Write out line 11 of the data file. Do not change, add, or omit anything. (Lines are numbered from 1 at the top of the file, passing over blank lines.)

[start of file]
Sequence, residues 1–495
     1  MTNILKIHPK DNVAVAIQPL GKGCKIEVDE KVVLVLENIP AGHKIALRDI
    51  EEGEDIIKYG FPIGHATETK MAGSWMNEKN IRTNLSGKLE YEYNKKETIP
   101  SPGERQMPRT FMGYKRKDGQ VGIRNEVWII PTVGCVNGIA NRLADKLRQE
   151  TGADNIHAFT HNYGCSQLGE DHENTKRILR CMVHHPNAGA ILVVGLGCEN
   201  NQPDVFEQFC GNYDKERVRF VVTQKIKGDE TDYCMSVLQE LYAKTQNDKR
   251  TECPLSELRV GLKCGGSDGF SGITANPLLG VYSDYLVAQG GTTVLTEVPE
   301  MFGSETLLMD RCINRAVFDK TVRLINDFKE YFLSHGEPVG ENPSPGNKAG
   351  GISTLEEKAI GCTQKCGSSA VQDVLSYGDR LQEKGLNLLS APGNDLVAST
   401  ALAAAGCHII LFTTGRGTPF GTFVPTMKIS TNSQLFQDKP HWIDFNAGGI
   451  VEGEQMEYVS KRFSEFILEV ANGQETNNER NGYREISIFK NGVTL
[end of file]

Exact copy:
   451  VEGEQMEYVS KRFSEFILEV ANGQETNNER NGYREISIFK NGVTL